Step 2. Make a copy of the source code of the Spring PropertyPlaceholderConfigurer class, and modify it to obtain name=value pairs from a Config4* file instead of a properties file.

The potential benefit of that two-step suggestion is that you would not need to maintain separate properties files for each of your INT/QA/STRESS environments and/or for each of your 20 JVMs. Instead, the "adaptable configuration" capabilities of Config4* will enable you to put the runtime configuration values for all those environments and JVMs into a single configuration file.

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I would suggest treating this not as a software development effort (Spring or otherwise) but more like a configuration management effort.

What we do to achieve most of these requirements is distinguish config that remains constant across environments from config that can potentially vary. For example, lots of your app wiring will remain constant, whereas passwords, web service URLs and so forth will vary. (Note that sometimes app wiring will change too. E.g. maybe on your local dev box you use local authentication but in other environments you use CAS.)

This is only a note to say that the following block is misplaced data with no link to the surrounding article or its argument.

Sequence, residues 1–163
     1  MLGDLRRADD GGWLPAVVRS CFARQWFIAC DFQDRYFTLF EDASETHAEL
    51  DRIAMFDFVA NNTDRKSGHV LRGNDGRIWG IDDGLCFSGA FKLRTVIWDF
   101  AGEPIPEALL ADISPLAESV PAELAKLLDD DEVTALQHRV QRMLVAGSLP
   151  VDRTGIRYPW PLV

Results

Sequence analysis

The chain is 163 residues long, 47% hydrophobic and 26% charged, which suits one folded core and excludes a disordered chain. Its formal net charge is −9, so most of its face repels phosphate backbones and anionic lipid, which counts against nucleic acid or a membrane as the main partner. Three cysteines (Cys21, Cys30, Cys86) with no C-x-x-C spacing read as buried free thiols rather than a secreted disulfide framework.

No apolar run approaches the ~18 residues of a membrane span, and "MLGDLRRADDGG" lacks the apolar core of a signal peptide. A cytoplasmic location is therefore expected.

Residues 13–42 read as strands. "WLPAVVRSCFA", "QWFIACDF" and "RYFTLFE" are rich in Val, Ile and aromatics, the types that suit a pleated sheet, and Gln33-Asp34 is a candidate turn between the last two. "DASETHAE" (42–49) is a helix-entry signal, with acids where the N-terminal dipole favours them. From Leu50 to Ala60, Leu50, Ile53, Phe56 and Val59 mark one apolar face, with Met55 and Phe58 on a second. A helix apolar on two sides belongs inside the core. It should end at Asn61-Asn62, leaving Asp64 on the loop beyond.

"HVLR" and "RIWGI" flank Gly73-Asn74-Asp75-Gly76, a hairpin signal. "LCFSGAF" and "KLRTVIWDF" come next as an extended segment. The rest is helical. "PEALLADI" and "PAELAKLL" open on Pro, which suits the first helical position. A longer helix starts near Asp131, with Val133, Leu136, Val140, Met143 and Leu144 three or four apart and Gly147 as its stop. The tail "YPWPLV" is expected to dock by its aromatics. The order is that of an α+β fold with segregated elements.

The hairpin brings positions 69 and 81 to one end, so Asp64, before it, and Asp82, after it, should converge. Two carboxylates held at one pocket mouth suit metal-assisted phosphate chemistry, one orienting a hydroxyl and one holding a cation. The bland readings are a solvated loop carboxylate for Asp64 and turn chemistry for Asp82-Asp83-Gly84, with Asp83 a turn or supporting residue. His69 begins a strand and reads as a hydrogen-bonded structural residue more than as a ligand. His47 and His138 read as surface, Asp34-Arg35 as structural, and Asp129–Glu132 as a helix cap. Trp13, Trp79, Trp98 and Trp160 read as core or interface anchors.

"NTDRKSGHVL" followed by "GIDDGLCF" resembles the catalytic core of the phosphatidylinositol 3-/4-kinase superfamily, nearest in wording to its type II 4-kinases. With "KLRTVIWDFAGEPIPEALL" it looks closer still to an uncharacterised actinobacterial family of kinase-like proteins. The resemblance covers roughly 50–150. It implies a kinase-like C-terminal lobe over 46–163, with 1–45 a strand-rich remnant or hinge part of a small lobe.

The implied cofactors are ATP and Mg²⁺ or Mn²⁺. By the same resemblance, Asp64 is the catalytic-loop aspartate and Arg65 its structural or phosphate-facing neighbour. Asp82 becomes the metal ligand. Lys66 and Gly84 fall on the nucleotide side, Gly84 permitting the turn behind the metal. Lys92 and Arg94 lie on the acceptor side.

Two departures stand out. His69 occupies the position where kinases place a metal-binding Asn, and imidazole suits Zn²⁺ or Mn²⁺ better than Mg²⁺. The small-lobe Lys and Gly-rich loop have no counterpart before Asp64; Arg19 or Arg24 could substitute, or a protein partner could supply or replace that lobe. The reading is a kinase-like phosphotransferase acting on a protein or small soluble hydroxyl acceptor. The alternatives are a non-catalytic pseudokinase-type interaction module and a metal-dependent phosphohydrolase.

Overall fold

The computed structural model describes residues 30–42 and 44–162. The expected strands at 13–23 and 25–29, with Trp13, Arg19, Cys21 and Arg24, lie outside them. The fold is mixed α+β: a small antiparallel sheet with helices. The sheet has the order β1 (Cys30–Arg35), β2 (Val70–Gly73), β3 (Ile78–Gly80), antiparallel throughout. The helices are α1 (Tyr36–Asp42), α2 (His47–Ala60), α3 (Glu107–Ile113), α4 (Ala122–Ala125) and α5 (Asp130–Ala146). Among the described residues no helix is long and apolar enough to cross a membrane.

Then make sure that the config that's constant is just part of the app itself (i.e. packaged in the WAR or EAR), and the config that varies is externalized.

Where to externalize it? Set up a version control repository (a config repo) using your favorite version control tool, and then create folders for your various environments. Put the environment-specific config in the appropriate folder and then set your deployment scripts up to source the right config from the right folder.

This scheme is pretty nice. You get central management of config, which helps to control drift, and also provides for auditability, rollback, diagnostic support, etc. Branch the config just as you would branch source code.

Regarding Spring specifically, 3.1 will include support for something called profiles, which allows you to tailor configuration to specific environments I think. I haven't looked at it yet but that's what I remember hearing at SpringOne 2GX.